# Back Projection¶

## Goal¶

In this tutorial you will learn:

• What is Back Projection and why it is useful
• How to use the OpenCV function calcBackProject to calculate Back Projection
• How to mix different channels of an image by using the OpenCV function mixChannels

## Theory¶

### What is Back Projection?¶

• Back Projection is a way of recording how well the pixels of a given image fit the distribution of pixels in a histogram model.
• To make it simpler: For Back Projection, you calculate the histogram model of a feature and then use it to find this feature in an image.
• Application example: If you have a histogram of flesh color (say, a Hue-Saturation histogram ), then you can use it to find flesh color areas in an image:

### How does it work?¶

• We explain this by using the skin example:

• Let’s say you have gotten a skin histogram (Hue-Saturation) based on the image below. The histogram besides is going to be our model histogram (which we know represents a sample of skin tonality). You applied some mask to capture only the histogram of the skin area:  • Now, let’s imagine that you get another hand image (Test Image) like the one below: (with its respective histogram):  • What we want to do is to use our model histogram (that we know represents a skin tonality) to detect skin areas in our Test Image. Here are the steps

1. In each pixel of our Test Image (i.e. ), collect the data and find the correspondent bin location for that pixel (i.e. ).

2. Lookup the model histogram in the correspondent bin - - and read the bin value.

3. Store this bin value in a new image (BackProjection). Also, you may consider to normalize the model histogram first, so the output for the Test Image can be visible for you.

4. Applying the steps above, we get the following BackProjection image for our Test Image: 5. In terms of statistics, the values stored in BackProjection represent the probability that a pixel in Test Image belongs to a skin area, based on the model histogram that we use. For instance in our Test image, the brighter areas are more probable to be skin area (as they actually are), whereas the darker areas have less probability (notice that these “dark” areas belong to surfaces that have some shadow on it, which in turns affects the detection).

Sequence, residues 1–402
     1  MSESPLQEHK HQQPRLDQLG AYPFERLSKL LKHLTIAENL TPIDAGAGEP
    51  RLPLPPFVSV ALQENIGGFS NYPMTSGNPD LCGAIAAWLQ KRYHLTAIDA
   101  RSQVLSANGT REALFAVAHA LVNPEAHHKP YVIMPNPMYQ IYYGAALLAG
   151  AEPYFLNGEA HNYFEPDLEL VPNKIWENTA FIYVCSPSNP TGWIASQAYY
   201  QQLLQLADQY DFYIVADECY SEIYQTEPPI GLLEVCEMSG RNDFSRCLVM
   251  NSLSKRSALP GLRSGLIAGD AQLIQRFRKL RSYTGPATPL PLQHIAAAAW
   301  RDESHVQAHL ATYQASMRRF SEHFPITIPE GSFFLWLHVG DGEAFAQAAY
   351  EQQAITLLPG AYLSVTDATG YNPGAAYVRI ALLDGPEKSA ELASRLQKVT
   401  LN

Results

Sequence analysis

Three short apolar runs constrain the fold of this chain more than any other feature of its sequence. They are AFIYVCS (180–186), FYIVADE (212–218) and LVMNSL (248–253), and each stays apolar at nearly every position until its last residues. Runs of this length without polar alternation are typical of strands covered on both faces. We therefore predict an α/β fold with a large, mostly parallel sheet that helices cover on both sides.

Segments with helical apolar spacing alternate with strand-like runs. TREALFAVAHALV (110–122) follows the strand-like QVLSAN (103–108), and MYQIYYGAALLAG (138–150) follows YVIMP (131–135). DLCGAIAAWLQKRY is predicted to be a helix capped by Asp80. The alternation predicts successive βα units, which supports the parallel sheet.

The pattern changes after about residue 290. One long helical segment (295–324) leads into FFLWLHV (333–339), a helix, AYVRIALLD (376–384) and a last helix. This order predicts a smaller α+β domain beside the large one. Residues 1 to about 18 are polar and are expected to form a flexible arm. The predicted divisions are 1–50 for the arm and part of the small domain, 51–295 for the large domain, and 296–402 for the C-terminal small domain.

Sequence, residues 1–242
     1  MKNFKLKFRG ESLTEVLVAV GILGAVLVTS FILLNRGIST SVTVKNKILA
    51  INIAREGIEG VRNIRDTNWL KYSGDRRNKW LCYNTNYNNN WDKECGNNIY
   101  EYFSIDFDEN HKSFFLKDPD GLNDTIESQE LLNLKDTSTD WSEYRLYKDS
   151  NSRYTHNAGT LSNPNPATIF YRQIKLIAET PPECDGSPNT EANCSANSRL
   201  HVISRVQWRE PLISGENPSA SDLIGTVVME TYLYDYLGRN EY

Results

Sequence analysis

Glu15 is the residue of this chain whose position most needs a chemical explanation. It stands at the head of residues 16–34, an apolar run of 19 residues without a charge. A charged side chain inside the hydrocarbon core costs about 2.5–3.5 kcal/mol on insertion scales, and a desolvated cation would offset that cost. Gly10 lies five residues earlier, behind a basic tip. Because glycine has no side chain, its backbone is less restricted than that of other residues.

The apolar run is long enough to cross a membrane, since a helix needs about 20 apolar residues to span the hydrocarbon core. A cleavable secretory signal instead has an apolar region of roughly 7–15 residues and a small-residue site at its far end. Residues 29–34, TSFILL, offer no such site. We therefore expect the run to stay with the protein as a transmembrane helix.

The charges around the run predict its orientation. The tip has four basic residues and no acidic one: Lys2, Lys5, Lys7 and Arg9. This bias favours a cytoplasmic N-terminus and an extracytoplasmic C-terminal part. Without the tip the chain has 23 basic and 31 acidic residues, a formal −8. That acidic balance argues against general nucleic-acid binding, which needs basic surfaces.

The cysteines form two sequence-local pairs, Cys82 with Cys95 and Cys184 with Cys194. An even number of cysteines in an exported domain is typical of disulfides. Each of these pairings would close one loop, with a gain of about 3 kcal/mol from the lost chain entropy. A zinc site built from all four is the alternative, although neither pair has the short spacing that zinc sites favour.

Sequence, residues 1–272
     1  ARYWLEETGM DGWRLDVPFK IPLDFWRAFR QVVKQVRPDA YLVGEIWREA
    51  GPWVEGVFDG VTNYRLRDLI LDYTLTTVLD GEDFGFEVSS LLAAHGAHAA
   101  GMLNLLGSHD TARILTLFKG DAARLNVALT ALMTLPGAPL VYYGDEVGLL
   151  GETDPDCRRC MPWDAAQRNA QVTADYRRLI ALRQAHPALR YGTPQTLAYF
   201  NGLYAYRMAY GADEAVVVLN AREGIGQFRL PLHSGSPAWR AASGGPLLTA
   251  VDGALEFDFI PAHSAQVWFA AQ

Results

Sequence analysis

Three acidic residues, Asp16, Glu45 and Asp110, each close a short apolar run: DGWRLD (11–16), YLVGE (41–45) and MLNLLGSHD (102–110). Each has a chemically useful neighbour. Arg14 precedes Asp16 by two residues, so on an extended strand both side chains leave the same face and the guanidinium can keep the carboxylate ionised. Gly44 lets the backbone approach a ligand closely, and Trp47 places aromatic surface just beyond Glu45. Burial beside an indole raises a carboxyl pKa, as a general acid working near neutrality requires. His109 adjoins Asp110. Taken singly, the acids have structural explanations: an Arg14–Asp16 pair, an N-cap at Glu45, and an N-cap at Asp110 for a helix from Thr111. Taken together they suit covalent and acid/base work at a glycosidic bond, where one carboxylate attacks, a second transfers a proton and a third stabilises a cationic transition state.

## Code¶

• What does this program do?

• Convert the original to HSV format and separate only Hue channel to be used for the Histogram (using the OpenCV function mixChannels)
• Let the user to enter the number of bins to be used in the calculation of the histogram.
• Calculate the histogram (and update it if the bins change) and the backprojection of the same image.
• Display the backprojection and the histogram in windows.

2. For stuff slightly fancier (using H-S histograms and floodFill to define a mask for the skin area) you can check the improved demo
3. ...or you can always check out the classical camshiftdemo in samples.
• Code at glance:

```#include "opencv2/imgproc/imgproc.hpp"
#include "opencv2/highgui/highgui.hpp"

#include <iostream>

using namespace cv;
using namespace std;

/// Global Variables
Mat src; Mat hsv; Mat hue;
int bins = 25;

void Hist_and_Backproj(int, void* );

/** @function main */
int main( int argc, char** argv )
{
src = imread( argv, 1 );
/// Transform it to HSV
cvtColor( src, hsv, CV_BGR2HSV );

/// Use only the Hue value
hue.create( hsv.size(), hsv.depth() );
int ch[] = { 0, 0 };
mixChannels( &hsv, 1, &hue, 1, ch, 1 );

/// Create Trackbar to enter the number of bins
char* window_image = "Source image";
namedWindow( window_image, CV_WINDOW_AUTOSIZE );
createTrackbar("* Hue  bins: ", window_image, &bins, 180, Hist_and_Backproj );
Hist_and_Backproj(0, 0);

/// Show the image
imshow( window_image, src );

/// Wait until user exits the program
waitKey(0);
return 0;
}

/**
* @function Hist_and_Backproj
* @brief Callback to Trackbar
*/
void Hist_and_Backproj(int, void* )